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An online petition urging former justice minister Christiane Taubira to join France’s upcoming left-wing presidential primary has gained tens of thousands of signatures, amid fears the ruling Socialist Party is headed for an election drubbing.
The petition had garnered around 68,000 signatures on the website Change.org by Thursday evening, one week after it was first put online.
Taubira, 64, served as President François Hollande’s justice minister for four years. During that time she championed the country’s gay marriage law, earning both praise from gay rights advocates and scorn from conservative quarters.
She stepped down in January over a growing rift with Hollande and Prime Minister Manuel Valls, in particular over proposed measures to strip French citizens involved in terrorist acts of their nationality.
Now, with Hollande and Valls’ popularity floundering less than five months before presidential elections, many think Taubira is the left’s only way to bounce back.
“Help! The entire Left is counting on you Mrs. Taubira!” pleads the petition’s author, Frans Torreele, urging her to join the two-round presidential primary set for January 22 and 29.
“After the disappointment left by Hollande, and faced with the rise of the populist right and the far right, who better than you to represent a combative Left, a visionary Left, a united Left? Help us!” Torreele adds.
Hollande in trouble
But will the online appeal be enough to convince Taubira to throw her hat into the ring? The deadline for joining the left-wing primary is December 15, and so far the French Guyanese politician has given few indications she is willing to run for office.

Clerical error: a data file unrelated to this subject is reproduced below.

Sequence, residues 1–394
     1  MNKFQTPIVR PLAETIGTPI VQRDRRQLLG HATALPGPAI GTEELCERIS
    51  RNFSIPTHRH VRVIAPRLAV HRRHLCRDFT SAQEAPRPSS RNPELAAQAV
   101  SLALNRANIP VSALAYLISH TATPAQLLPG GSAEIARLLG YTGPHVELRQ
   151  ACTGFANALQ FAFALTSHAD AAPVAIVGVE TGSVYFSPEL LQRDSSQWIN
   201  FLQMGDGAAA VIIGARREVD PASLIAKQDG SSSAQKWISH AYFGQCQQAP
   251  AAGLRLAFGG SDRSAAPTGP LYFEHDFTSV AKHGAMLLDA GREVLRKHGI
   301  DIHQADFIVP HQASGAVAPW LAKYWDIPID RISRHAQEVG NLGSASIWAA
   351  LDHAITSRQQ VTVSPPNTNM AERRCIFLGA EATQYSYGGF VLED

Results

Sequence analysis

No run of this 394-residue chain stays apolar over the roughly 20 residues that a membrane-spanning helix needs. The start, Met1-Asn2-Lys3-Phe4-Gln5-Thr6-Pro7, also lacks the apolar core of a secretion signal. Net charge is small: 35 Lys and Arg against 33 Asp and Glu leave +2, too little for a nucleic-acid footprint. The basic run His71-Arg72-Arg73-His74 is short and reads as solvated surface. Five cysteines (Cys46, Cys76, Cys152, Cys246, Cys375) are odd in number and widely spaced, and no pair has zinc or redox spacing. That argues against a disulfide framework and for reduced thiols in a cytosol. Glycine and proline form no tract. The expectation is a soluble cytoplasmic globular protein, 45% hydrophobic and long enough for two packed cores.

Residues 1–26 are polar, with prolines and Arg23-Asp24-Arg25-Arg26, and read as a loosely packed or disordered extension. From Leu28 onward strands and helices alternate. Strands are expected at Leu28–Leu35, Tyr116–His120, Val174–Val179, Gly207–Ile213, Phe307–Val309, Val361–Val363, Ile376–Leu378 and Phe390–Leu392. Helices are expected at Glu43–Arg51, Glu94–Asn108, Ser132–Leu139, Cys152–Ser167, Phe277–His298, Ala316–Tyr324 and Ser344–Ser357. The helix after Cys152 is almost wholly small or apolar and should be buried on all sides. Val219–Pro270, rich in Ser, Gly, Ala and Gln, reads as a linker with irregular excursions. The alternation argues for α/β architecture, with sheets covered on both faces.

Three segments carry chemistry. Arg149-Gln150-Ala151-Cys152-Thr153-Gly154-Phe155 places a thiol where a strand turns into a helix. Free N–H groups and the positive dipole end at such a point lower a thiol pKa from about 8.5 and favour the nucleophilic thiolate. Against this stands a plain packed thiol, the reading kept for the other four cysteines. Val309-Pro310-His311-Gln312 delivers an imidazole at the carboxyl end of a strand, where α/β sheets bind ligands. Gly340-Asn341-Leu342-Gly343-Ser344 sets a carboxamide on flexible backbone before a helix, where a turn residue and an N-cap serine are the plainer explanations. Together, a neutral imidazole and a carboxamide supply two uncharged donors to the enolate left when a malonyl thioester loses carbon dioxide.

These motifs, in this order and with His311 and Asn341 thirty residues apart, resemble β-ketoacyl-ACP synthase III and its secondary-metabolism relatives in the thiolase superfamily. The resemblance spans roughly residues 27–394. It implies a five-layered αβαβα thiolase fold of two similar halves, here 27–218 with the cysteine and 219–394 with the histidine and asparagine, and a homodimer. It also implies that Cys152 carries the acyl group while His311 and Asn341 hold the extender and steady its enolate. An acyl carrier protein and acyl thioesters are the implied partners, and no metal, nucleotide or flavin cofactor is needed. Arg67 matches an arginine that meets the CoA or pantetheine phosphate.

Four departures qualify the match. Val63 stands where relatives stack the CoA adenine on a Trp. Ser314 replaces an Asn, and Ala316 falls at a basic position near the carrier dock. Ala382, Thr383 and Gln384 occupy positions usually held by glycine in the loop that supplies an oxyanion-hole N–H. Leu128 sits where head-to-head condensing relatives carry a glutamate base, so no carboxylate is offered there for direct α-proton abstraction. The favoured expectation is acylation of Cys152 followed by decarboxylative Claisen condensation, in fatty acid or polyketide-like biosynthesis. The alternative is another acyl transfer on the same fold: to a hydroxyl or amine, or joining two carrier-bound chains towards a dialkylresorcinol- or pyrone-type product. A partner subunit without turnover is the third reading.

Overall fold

During an appearance on the popular French talk show Quotidien, she even expressed reservations about joining what already appears like a crowded race.
“I am not to be blamed for the current confusion,” she told host Yann Barthès in reference to the suspense surrounding her potential candidacy. “I see that on the left, there are already quite a few people.”
The petition is not the first attempt to nudge Taubira towards the starting gate.
The book “A President Should Not Say That” – in which Hollande managed to offend Muslims, immigrants and football players alike – sent political allies into damage-control mode and sank his job approval rating even further.
In the wake of the book’s publication in October several leading Socialists asked Taubira for meetings to discuss her return to the political arena. National Assembly speaker Claude Bartolone is among those who has pledged to endorse Taubira if she decides to join the primary.
Looking for a hero
Openly liberal French humorist Christophe Alévêque has also called on Taubira to run for the country’s highest office on television and in an opinion piece in the left-leaning daily Libération.
“Christiane Taubira is our only hope. She is the only figure capable of uniting all the left-wing parties, the only one who can inject fresh momentum,” he wrote on November 26. “She is the only person whose career, identity and political struggles can unite this country, a country looking for answers and that has a tendency to turn against itself.”
Taubira has in the past declared that she would not run an election against Hollande. Indeed, she could be waiting for her former boss to decide if he will seek a second term.
Hollande ruled himself out of running for re-election on Thursday, thus leaving the path open to Valls. It could be the sign Taubira has been waiting for.